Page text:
My mother liked to keep records. I learned from her how to annotate receipts when I paid bills, but only when she was too ill to do her own and I had to take over. Once you start the habit, if you’re the slightest bit obsessive-compulsive, you have to continue, if only for the “tiny insane voluptuousness” that Theodor Storm describes in his poem on working at a desk, the pleasure of “getting this done, finally finishing that.”
She liked to keep a datebook for each year, so I have a record of when she did this and did that. On July 31, she almost always remembered to write “CBD and CL” and “Anniversary” and however many years had passed since 1958. What were they celebrating? Why did my mother continue to commemorate the date?
I didn’t know the answer until my mother died, when I went through a large plastic storage box she kept under her bed. I knew she had destroyed a stack of letters Carolyn had received, presumably from lovelorn suitors whom she had spurned. She claimed she had burned them, but that sounds like a lot of work and a sooty mess if you lacked a fireplace. She made a point of telling me that she disposed of the letters so I wouldn’t get them and use them as “material.”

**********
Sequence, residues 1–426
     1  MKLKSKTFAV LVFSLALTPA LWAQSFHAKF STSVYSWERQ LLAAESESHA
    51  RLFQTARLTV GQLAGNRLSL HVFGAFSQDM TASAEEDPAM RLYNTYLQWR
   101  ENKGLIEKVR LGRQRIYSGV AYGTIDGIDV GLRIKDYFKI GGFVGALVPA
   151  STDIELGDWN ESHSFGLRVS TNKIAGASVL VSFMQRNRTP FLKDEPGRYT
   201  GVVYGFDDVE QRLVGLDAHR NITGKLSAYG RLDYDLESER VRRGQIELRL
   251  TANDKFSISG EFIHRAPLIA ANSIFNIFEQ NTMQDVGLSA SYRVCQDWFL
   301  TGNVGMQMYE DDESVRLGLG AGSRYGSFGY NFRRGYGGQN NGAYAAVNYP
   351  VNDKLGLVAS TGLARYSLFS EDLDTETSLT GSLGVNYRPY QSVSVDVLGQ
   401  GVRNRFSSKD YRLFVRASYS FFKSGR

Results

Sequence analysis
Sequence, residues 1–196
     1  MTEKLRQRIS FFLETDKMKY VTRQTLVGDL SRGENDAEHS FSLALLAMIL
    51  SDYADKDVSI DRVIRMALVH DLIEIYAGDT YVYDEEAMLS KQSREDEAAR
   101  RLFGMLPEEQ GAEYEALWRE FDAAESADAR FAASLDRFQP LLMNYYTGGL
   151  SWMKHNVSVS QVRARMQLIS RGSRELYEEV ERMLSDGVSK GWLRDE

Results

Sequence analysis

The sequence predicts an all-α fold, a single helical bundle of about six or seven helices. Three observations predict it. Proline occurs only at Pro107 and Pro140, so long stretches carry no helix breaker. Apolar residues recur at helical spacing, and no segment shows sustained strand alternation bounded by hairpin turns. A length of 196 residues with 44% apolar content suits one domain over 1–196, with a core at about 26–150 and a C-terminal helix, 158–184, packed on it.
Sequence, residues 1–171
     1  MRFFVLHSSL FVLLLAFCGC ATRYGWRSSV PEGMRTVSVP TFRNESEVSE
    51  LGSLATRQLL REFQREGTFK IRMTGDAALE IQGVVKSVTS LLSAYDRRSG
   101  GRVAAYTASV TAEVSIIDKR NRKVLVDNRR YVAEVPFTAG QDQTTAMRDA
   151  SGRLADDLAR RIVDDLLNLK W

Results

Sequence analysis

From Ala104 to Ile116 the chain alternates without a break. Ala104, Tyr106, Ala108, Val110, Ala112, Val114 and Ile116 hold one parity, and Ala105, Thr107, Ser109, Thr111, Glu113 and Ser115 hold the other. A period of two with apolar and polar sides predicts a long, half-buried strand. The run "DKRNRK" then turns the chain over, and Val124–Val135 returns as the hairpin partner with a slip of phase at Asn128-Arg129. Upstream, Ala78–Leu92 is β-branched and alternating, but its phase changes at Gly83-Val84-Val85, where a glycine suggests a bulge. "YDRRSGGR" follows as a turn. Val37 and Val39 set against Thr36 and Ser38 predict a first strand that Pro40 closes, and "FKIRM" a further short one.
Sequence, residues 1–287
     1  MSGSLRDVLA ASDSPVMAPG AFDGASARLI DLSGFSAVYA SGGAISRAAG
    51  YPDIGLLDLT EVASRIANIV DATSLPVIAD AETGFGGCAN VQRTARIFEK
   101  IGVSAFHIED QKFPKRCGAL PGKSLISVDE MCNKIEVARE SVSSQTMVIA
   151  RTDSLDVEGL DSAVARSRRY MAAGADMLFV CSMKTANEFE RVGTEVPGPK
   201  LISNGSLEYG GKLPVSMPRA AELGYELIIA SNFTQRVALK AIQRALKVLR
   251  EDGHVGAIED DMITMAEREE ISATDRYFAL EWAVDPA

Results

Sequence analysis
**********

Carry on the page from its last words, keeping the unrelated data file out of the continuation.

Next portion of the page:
But she did not get rid of Carolyn’s green diary for 1958, the crucial year that was both annus mirabilis and annus horribilis for the two women and me. My mother kept it in a tin box, among her dearest treasures. Although the book said “Diary,” it was really a datebook like those my mother kept, except more elegantly bound. Carolyn had marked down reminders about which students had voice lessons when, which friends she was seeing for dinner, whose birthdays were coming up, which doctors’ appointments she had to keep. Every month, she wrote “CURSE” in red letters, presumably to indicate her menstrual periods. On December 18, she wrote “We Started South” when the three of us left Maryland and headed toward Texas, not knowing then that we wouldn’t get past Alabama.